4

I want to create an overview table of some data. More specifically, I have some named objects and for each of these I have some properties.

Example data and schematic of output:

+ -------+--------+-------+--------+
| Object | Edible | Color | Size   |
+ -------+--------+-------+--------+
| Apple  | yes    | green | small  |
| Cat    | no     | brown | medium |
+ -------+--------+-------+--------+

Instead of entering the table manually, I'd like to create something like a database and then generate the table based on a format description.

I thought this could maybe be done with BibTex.

I would create a bib file with content like this:

@misc{apple,
    name={Apple},
    edible={yes},
    color={green},
    size={small}
}
@misc{cat,
    name={Cat},
    edible={no},
    color={brown}
    size={medium}
}

And then create a (very) custom bibliography style to turn this into a table.

I could create some external script to transform the bib file into a table (JSON would probably be a better data format then) but I'd like to use TeX tools.

How can I get from this (or similar) bib to a table instead of a list (like usually with references)?

2

Unless you know how to write in bibtex's stack-based language, I wouldn't recommend doing it that way. If you just want to use TeX tools without relying on external scripts, you can use datatool. Here's an example:

\documentclass{article}

\usepackage{datatool}

\begin{filecontents*}{test.csv}
Object,Edible,Color,Size
Apple,yes,green,small
Cat,no,brown,medium
Aardvark,no,grey,medium
\end{filecontents*}

\DTLloaddb{mydata}{test.csv}

% Define a command to access a field in `mydata' in the row identified by a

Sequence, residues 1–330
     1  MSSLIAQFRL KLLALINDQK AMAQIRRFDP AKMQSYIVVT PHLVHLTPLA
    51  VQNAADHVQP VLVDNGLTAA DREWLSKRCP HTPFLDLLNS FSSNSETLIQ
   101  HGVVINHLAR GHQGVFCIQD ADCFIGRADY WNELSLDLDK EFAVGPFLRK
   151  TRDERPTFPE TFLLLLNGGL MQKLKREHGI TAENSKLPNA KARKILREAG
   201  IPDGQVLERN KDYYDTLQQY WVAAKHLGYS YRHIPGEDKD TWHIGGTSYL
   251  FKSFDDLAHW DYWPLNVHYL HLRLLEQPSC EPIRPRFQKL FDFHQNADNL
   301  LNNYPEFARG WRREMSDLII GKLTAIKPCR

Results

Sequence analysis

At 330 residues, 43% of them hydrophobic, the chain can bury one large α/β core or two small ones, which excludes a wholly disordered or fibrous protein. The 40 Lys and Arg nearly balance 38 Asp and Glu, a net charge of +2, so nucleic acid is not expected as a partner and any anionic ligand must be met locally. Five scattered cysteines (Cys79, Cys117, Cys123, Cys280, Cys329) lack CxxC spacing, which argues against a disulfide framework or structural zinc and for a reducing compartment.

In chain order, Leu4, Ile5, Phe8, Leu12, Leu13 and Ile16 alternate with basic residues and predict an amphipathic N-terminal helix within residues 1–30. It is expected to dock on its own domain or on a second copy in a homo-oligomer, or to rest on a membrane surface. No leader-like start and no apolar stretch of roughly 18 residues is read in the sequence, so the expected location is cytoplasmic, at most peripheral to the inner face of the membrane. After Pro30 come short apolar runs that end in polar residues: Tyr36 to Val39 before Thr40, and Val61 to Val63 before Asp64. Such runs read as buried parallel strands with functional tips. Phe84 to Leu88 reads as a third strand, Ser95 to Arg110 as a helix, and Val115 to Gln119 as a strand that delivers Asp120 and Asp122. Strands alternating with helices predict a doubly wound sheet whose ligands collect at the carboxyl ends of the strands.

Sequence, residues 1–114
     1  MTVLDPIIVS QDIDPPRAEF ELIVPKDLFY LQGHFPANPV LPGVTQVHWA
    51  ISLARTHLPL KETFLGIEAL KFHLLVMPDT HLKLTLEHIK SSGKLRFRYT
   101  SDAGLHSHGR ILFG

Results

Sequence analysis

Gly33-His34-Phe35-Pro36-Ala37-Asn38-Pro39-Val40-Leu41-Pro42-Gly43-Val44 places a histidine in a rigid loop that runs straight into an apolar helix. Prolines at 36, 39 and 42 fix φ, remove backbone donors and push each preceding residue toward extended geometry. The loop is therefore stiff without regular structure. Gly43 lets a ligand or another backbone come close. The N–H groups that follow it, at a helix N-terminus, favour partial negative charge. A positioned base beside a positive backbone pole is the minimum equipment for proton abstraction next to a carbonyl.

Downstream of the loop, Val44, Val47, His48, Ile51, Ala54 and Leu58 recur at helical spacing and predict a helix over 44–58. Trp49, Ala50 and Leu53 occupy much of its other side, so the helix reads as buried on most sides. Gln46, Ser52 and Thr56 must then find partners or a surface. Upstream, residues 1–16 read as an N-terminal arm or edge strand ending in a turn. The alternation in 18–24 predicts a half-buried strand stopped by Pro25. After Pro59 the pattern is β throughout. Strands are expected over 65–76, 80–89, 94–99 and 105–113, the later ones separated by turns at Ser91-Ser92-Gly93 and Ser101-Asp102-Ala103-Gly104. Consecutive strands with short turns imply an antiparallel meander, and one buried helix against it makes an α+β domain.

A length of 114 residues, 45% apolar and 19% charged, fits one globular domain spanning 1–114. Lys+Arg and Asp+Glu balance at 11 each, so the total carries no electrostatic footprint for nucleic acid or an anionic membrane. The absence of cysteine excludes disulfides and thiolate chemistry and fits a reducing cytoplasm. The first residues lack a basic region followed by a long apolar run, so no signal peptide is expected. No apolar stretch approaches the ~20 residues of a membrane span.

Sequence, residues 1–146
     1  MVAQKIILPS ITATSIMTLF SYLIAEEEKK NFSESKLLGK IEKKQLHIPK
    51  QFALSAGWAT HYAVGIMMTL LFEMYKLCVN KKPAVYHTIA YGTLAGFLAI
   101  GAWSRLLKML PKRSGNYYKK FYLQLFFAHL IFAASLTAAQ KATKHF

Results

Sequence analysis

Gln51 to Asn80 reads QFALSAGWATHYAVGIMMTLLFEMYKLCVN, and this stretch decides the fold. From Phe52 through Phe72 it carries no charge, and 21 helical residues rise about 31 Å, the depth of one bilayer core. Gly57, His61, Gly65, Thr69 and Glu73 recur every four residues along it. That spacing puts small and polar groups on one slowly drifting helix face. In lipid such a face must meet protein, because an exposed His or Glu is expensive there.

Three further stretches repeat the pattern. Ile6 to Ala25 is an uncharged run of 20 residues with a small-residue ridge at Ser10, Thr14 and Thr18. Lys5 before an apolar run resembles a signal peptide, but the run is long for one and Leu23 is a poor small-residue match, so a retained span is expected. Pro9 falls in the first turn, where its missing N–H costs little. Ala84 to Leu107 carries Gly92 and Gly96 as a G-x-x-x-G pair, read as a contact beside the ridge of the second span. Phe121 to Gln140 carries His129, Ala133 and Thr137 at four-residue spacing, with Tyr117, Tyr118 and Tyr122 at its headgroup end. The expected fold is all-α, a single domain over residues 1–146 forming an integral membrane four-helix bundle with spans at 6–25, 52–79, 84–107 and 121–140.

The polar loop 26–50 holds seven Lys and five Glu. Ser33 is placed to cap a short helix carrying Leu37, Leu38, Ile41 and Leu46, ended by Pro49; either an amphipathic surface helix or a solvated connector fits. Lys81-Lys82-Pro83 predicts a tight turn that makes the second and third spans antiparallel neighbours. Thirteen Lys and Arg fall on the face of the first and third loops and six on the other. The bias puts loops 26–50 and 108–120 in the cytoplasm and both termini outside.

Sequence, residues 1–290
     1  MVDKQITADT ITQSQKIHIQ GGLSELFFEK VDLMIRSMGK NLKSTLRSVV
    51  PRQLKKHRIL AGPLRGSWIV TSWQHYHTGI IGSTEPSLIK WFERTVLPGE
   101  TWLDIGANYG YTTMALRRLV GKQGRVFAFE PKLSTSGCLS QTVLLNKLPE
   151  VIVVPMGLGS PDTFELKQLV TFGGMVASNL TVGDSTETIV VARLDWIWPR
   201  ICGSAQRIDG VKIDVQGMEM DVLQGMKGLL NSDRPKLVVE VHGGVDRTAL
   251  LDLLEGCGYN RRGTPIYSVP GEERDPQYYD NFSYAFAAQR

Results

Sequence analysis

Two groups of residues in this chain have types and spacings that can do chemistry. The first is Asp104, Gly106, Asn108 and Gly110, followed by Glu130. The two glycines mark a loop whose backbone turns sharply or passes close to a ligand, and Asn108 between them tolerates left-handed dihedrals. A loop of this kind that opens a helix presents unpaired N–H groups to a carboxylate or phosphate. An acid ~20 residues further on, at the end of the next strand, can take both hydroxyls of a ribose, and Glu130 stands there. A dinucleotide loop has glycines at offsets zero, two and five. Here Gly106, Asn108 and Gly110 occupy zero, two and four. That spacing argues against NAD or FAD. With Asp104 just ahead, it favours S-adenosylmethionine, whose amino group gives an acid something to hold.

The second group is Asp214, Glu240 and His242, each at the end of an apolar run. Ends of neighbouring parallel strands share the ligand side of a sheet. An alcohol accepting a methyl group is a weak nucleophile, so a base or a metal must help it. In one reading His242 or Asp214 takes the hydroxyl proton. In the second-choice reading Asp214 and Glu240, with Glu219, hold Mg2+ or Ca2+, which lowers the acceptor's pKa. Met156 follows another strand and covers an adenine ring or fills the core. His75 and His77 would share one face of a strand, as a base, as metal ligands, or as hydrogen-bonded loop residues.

% given object:

% Syntax: \field{object}{column label} 
\newcommand{\field}[2]{%
  \dtlgetrowforvalue{mydata}{\dtlcolumnindex{mydata}{Object}}{#1}%
  \dtlgetentryfromcurrentrow{\thisvalue}{\dtlcolumnindex{mydata}{#2}}%
  \thisvalue
}

% Syntax: \boolfield{object}{column label}{true part}{false part}
\newcommand{\boolfield}[4]{%
  \dtlgetrowforvalue{mydata}{\dtlcolumnindex{mydata}{Object}}{#1}%
  \dtlgetentryfromcurrentrow{\thisvalue}{\dtlcolumnindex{mydata}{#2}}%
  \DTLifstringeq{\thisvalue}{yes}{#3}{#4}%
}

\begin{document}

List the data in a tabular environment:

\DTLdisplaydb{mydata}

Sort on `Object' column.
\DTLsort{Object}{mydata}

List sorted data in a tabular environment:

\DTLdisplaydb{mydata}

Access data: an apple is \field{Apple}{Size} and \field{Apple}{Color}.
It \boolfield{Apple}{Edible}{is}{isn't} edible.

Access data: a cat is \field{Cat}{Size} and \field{Apple}{Color}.
It \boolfield{Cat}{Edible}{is}{isn't} edible.

\end{document}

The above example produces:

Image of result

(I suggest putting \DTLdisplaydb inside a table or use \DTLdisplaylongdb if it's longer than a page.)

  • 1
    Where is datatooltk-gui? ;-) – Marco Daniel Jun 29 '13 at 20:01
  • @MarcoDaniel I thought about mentioning it, but that would've contradicted my "without relying on external scripts" statement ;-) – Nicola Talbot Jun 29 '13 at 20:13

Your Answer

By clicking “Post Your Answer”, you agree to our terms of service, privacy policy and cookie policy

Not the answer you're looking for? Browse other questions tagged or ask your own question.